By Guest Writer Maggie Mnayer
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As a high school English teacher in an urban school district smack in the middle of Iowa, I take seriously my responsibility to teach my students the importance of their word choices, of respecting and valuing the diversity of their peers, and of always, always treating each other with dignity and respect.
We spend the first few weeks of every school year establishing a classroom climate that is free of bullying and hurtful words, a space where we do not attack or belittle each other. We commit to being a community of learners that support, encourage, and empower one another.
But on a daily basis, I am reminded that the “Trump Effect” is very real in my school and in the lives of my students.
My students and I were dismayed long before Election Day at the debacle our presidential race became, specifically by the behavior displayed by then-Republican nominee Donald Trump. It has been heartbreaking for my students to see a presidential candidate brag about committing acts of hate and getting away with it because he is famous and wealthy.
Now Trump is the president-elect, and I, like many educators across the country, am having very difficult conversations with terrified students about what it means for them and their families. My students have given me the green light to share how we have come to grips with this tumultuous election in our classroom.
Since long before November 8, students have expressed during class discussions their shock at how Trump talks about people from races other than his own, other religions, women, and the disabled. My students of color have shared how they have felt more vulnerable to attack by white students since the start of election season. Some are terrified about what Trump can do to their families now that he has been elected.
“I’m a Mexican-American and even though I was born here, I am worried that Trump will deport me and my family just because we are Hispanic,” wrote my 16-year-old student Antonio as part of his classwork. “He won’t ask questions or check, he will just do it.”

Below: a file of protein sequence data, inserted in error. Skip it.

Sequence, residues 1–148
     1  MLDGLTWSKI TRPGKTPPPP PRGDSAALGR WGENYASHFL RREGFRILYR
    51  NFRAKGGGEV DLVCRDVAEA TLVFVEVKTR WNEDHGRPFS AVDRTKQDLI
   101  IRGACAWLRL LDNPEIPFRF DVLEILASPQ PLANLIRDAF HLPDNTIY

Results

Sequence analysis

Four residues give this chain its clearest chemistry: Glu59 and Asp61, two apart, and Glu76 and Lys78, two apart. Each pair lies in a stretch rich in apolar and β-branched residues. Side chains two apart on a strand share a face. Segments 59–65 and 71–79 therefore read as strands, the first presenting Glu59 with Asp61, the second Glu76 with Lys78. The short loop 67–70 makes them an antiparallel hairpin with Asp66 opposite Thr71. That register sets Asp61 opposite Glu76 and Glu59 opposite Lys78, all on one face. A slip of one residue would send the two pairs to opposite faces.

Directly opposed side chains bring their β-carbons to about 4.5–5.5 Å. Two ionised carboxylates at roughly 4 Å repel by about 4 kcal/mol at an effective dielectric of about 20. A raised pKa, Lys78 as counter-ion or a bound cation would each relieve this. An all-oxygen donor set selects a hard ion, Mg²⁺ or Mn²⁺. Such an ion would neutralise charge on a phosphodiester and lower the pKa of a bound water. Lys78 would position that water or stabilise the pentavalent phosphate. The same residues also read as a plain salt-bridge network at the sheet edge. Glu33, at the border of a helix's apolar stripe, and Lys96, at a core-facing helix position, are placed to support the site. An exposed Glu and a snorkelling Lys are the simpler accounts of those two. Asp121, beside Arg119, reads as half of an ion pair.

“The president of our country should not make people . . . feel down about themselves,” said Paishence, who is fifteen. “A lot of bullying is taking place and if it isn’t stopped it will result in many deaths.”
Many of my students have brought up fears that Trump might start a nuclear war with another country. They are unnerved by the capricious attitude he has displayed toward weapons that could potentially wipe out a country.
I can’t let my students sit with this level of fear. So all throughout the election and now in the aftermath, we’ve worked together to create the world we want to see, if only in our classroom.
We start by sharing our perspectives. We acknowledge that we might see complex issues like race differently, even if we agree with the basic premise that everyone deserves equal rights. I provide facts about how the government works and remind my students that a president cannot go entirely unchecked in our democracy.
But beyond just giving students facts, I want to empower them to face tough issues head on, express themselves with passion, and learn how to truly listen to those who don’t agree with them.
I also try to give them a better understanding of how hate operates.
Early in the school year, my classes discussed the Pyramid of Hate developed by the Anti-Defamation League. We focused on how critical it is for them to speak up on behalf of those being targeted—even if the behavior is at the lowest block in the pyramid (stereotyping and acts of prejudice) before the perpetrators have a chance to move up into the more aggressive acts (discrimination and violence).
I challenge them to be agents of change, to use words to defuse tense situations and encourage others in their spheres of influence to examine their own beliefs and how they treat others so that our community becomes more inclusive, more compassionate, and more reflective.
I believe the president-elect would benefit from spending time with my students, who understand that it takes self-control to do the right thing.
Donald Trump has done so much damage to many of my students’ sense of hope and belonging that it will take years to overcome. My students are losing faith in our government to do and be what is best for us as a nation.
I leave school every day hoping that they understand it will largely be up to them to change all of this. They will be able to vote in the next presidential election. And when they do, they would do well to remember what their classmate Devin said: “We can’t have someone as President of the U.S.A. if they don’t respect everyone in America.”
Let’s hope we never do again.
Maggie Mnayer teaches English at Waterloo East High School in Waterloo, Iowa.